“No way,” the Celestian broke in. “If Felvennis discovers that we are going to continue the SynthBreed Project, he’ll run to the General Committee and snitch on us.”
“Of course, Felvennis…” the Ifrit muttered and sniffed loudly. “I thought you’d bought off all your opponents.”
“For now, only the local committees so that they don't pry into the building and basic tests, but we have to relocate soon, anyway. I bought, nearly for free, a ruined temple complex on Irkheor. There we can work in peace; however, we should be careful with rebels. I cannot afford to provide proper security for us. I’ve made almost all the arrangements. All I need is to get rid of the rest of the opponents in today’s vote.”
The Ifrit nodded. “If the Union withdraws the financing, we’ll be in trouble.”
“I know. That’s why I’ll need your help if I can’t deal with Felvennis by myself.”
“You can depend on me,” the reptile said, and his gaze rested on the speaker’s face.
The Celestian headed towards the stairs, and his employee followed him. They closed the gate behind them and returned to the main corridor. Right in front of the door, the Celestian halted. The Ifrit stood aside, making way for him.
“Anything wrong?” asked the Ifrit, after a while. He tilted his head, and his nostrils flared in anxiety.
“Nothing. But don't you think all this is a bit… immoral?”
The Ifrit narrowed his glow-in-the-dark eyes. He had known his employer for years now and had learnt to decipher his expressions. Choosing his words carefully, he put his thoughts in order and, after a while, said them aloud, “Depends on whose perspective we look at.” He sniffed and whispered, “By controlling minds, we are breaking the laws of nature, but we’re not doing this only for ourselves. We stopped believing that the Union would provide safety for us and our families, so we took things in our own hands. We had to.”
The Celestian nodded. “Rebels feel unpunished. You’ve probably heard about the assault behind the Rhemaxos line. Now they venture deeper and deeper into our territories.”
“We must defend the Union,” said the reptile, “even if we have to pay a price like this.”
The Celestian pulled his hood to keep his face covered and added, “Keep your conscience clear. No one has the right to blame us for our will to save our loved ones.”
They sneaked out the back door. The Ifrit waited until his employer walked away and then went in the opposite direction.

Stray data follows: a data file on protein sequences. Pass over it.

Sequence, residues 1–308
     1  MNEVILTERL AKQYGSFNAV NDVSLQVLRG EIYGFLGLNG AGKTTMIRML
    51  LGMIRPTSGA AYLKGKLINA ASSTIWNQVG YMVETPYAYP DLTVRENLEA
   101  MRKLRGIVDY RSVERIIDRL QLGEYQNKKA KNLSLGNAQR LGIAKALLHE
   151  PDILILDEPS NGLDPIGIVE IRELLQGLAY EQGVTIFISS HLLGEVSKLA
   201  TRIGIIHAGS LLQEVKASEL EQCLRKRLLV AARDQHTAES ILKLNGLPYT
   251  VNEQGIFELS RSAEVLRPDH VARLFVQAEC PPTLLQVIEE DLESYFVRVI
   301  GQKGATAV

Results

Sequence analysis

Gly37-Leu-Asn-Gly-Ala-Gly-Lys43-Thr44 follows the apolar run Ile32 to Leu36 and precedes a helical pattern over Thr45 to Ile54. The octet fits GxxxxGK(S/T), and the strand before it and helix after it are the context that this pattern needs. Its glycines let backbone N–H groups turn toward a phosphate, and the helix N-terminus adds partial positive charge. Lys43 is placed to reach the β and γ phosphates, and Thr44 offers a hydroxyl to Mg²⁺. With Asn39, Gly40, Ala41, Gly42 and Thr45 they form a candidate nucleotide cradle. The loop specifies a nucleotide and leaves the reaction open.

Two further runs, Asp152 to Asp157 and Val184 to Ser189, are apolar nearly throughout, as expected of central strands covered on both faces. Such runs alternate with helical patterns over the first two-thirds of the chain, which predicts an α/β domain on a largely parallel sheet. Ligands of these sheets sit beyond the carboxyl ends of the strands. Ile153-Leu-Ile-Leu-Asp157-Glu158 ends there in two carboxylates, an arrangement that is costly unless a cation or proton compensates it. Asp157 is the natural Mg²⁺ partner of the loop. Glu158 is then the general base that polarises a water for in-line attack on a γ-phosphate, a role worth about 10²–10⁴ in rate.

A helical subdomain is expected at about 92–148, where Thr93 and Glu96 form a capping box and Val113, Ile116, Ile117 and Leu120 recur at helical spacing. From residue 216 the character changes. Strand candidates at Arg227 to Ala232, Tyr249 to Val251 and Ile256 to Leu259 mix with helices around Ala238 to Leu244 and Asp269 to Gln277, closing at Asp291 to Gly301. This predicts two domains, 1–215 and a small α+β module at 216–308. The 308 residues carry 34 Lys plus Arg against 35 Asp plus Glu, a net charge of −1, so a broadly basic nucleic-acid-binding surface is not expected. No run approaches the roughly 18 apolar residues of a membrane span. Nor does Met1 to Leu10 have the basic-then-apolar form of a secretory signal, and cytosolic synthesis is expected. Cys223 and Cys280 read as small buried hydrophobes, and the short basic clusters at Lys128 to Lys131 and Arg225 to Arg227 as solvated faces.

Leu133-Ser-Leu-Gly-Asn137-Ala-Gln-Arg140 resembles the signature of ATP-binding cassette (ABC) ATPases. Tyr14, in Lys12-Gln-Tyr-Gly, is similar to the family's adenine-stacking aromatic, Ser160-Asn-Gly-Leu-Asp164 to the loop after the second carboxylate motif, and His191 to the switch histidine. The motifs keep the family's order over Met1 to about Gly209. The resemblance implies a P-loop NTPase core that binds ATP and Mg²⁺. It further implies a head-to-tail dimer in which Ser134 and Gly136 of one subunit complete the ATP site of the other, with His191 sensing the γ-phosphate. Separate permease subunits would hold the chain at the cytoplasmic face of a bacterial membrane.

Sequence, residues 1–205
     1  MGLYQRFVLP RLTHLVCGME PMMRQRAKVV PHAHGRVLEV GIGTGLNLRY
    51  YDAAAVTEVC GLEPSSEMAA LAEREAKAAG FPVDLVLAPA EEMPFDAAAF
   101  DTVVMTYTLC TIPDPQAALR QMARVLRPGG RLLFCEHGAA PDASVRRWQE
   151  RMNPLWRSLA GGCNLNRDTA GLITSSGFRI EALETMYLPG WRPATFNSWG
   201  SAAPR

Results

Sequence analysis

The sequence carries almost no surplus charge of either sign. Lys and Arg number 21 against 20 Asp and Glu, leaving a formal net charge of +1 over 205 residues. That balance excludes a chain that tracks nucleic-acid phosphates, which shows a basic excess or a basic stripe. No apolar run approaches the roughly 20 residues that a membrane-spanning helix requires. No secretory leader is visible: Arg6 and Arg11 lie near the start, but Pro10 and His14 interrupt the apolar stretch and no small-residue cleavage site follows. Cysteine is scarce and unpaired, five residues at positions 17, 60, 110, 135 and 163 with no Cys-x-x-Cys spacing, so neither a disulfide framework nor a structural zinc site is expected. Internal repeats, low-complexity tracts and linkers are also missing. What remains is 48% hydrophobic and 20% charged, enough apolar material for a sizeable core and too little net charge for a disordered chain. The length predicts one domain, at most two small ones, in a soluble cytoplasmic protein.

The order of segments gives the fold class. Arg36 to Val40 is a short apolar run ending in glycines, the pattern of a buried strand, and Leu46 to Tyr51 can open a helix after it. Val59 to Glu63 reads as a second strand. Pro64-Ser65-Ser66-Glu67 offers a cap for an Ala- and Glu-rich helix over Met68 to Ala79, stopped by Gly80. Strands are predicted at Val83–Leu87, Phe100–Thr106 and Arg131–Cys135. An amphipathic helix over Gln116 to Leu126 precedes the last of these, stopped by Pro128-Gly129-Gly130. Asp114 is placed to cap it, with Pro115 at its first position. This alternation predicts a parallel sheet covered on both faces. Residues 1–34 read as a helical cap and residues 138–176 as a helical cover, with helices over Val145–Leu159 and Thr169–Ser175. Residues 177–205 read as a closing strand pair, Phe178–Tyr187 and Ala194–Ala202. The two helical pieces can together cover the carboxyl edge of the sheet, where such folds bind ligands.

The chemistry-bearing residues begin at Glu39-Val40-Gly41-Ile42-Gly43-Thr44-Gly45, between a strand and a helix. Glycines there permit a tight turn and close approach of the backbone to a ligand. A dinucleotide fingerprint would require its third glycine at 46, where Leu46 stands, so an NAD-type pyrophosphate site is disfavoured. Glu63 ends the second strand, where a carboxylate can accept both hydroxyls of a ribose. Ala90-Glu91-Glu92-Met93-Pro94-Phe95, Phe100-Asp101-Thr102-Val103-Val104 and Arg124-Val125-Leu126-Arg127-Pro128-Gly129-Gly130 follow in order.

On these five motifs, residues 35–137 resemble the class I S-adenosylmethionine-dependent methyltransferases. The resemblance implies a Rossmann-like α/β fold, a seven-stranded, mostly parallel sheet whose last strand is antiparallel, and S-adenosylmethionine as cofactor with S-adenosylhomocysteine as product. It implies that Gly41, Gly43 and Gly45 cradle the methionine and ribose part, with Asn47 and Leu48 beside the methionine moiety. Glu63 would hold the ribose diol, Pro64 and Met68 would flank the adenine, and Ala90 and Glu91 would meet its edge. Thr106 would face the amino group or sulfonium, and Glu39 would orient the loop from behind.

Cerridwen Felvennis, a twenty-year-old Celestian girl, entered the shooting range. Dressed in a loose, sleeveless sweatsuit, she halted in the middle of the room. With training guns in both her hands and a virtual reality goggles and headphones, she was well prepared for the fight. Every single time, moments like these filled her veins with adrenaline. Her fingers shook slightly but more from excitement than nerves. Drops of sweat dripped down her well-toned arms. Cerridwen waited the three seconds before an inscription was displayed on the screen:
A green, three-dimensional grid on a black background appeared in front of her eyes. Cerridwen raised her weapons. She stood still for a moment to calm her mind and sharpen her senses. She could not afford even a second of distraction or loss of vigilance. Perhaps, one day, she would fight for her life with a real enemy and would have to make use of all her acquired skills. Hence, even during routine daily training, she felt as if she was balanced between life and death.
Somewhere in the background, a white dot flashed by and a low, barely audible, static resonated in her headphones. Cerridwen pulled the trigger, and the virtual bullet liquidated the target which turned red. The counter changed her score from zero to one.
Then came a moment of silence, which was written in the simulation in the assumption that it would distract the trainee, but Cerridwen was not deceived by that. Her eyes remained focused on the screen. Two targets appeared at the same time, one near her back and the other on her right. She crouched down. Taking a half-turn, she spread her arms and struck at both the dots. The longer break did not occur this time, and more targets started appearing on all sides. The girl shot them down one by one, sometimes leaping over or dodging them, always striking them down with precision.
The simulation stopped. Seeing the counter showing the number twelve made her smile at herself. She had been training like that every morning since she was four, so she decided that nothing would happen if she skipped one day. She was well prepared. She had other plans for today. She took off her goggles and put the guns aside on a metal rack. Breathing heavily, she released her long hair, which reached nearly up to her waist and reflected all shades of bronze. Her skin shone like a tanned sculpture. Her green eyes were large and striking, adrenaline had constricted the pupils to a pinpoint for better focus. Her heart raced as if she had sneaked out of death’s embrace.
She entered the hallway. The light was switched on only in the living room, casting a yellow glow on the walls. She headed towards her room, but hearing loud talks between two people, she stopped and listened.
“What's the deal this time?” she whispered to herself, approaching the door.
Format : ebook
Page Count : 286